|Me in pantomime, looking fabulous.|
As a member of an amateur dramatics group, I am currently in rehearsal for a pantomime, and it occurred to me that there are a lot of people who don't even know what a panto is (I'm thinking of you in particular, my American friends), so I shall try to explain exactly what I and many of my friends subject ourselves to every winter.
A pantomime is a play-slash-musical-slash-comedy, with a little bit of a love story and a dash of slapstick thrown it, and they're performed throughout the Christmas season. They're usually based on children's stories (think "Cinderella", "Snow White", "Aladdin", but before they were given the Disney treatment), and they're incredibly cheesy and a hell of a lot of fun. Girls dress up as boys, men dress up as women, one person usually gets chronic backache from being the back end of some kind of beast... but I'm getting ahead of myself. Whatever the story, wherever the production, a pantomime will (almost) always have these characters in them:
|"Now, where did I put my trousers...?"|
She is basically the fairy tale version of Doctor Who's assistant. Her job is to go out and get captured, or at least get herself in a situation where she has to be rescued by the man she's in love with and has known for little more than five minutes. She's as wet as water, and incredibly stupid. You can guarantee if there's a mysterious noise, she will run towards it.
|"Boo! Hiss! Etc!"|
|"Don'tcha wish your girlfriend was hot like me..."|
"The Comedy Double Act"
A duo of idiots who tell jokes so bad that if you were to tell them outside of a pantomime, you'd probably be ostracised.
"The Pantomime Cow/Horse/Four Legged Animal"
Comprising of two people. One person is the front end, the other bends over and holds on to the waist of the person in front and makes up the back end. The up side is that you get a nice, warm costume. The down side is the pain.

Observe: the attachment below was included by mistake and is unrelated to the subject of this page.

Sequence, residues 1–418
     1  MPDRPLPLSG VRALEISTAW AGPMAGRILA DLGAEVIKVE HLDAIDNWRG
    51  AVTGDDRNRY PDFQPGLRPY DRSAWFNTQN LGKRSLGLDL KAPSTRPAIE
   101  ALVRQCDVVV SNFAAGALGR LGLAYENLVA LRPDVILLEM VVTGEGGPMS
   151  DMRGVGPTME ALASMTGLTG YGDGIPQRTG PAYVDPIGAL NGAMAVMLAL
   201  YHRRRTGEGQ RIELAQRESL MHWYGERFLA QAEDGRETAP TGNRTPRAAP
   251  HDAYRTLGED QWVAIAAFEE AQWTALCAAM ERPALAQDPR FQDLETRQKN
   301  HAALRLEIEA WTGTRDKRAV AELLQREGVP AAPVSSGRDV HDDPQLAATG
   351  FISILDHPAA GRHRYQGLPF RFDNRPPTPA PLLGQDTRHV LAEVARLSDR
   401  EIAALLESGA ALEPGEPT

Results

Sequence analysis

The guardian angel of any production. They sit in the wings with a copy of the script and feed lines to anyone who has forgotten them. On a good day, they have nothing to do. On a bad day, they're frantically flipping through to pages of the script, trying to work out what the hell is going on.
Although people of all ages go to watch pantomimes, they are predominantly aimed at children, and when you have a large group of under tens watching a production, anything can happen and usually does. For many of these kids, this is their first experience of seeing a performance that isn't on a screen, and keeping the attention of these little
If the front of the stage is chaotic, backstage is pandemonium. People are complaining that they're cold or tired or that their throat hurts. Props get lost, cues get missed, someone will start to cry, someone else will be ill, and you can pretty much guarantee that someone will proclaim to everyone that can hear them that "That's it! No more! I'm never doing this again!" And everyone nods sympathetically and gives them the attention they need, knowing full well that they'll be back the following year. And why? Because we love it! We love the unpredictability and the adrenaline rush that goes with it. We love watching the kids go crazy as they boo the bad guy and cheer the hero. We love dressing up in weird and wonderful costumes that would probably get you arrested if you were to wear them in the streets. But most of all we love performing. The songs might be cheesy, the dances exhausting and some of the lines dubious to say the least, but nothing can compare to the feeling you get when you realize you have an entire audience eating out of the palm of your hand. Yes, we hate the cold dressing rooms, the coughs and splutters that are always spread amongst ourselves, and the tears and tantrums that are bound to occur when you have so many
|Spot the difference.|